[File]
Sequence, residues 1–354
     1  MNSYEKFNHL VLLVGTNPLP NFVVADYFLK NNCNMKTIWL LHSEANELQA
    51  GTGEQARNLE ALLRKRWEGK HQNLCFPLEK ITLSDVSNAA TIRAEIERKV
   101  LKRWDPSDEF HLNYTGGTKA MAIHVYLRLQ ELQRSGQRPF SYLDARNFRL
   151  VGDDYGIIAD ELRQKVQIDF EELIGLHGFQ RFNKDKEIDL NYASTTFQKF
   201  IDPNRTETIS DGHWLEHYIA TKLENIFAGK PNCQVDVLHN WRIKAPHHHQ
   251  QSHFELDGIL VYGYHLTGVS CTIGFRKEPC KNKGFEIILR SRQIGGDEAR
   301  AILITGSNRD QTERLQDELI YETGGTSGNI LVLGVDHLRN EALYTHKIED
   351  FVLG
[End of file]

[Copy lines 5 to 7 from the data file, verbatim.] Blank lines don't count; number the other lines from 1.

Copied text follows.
   151  VGDDYGIIAD ELRQKVQIDF EELIGLHGFQ RFNKDKEIDL NYASTTFQKF
   201  IDPNRTETIS DGHWLEHYIA TKLENIFAGK PNCQVDVLHN WRIKAPHHHQ
   251  QSHFELDGIL VYGYHLTGVS CTIGFRKEPC KNKGFEIILR SRQIGGDEAR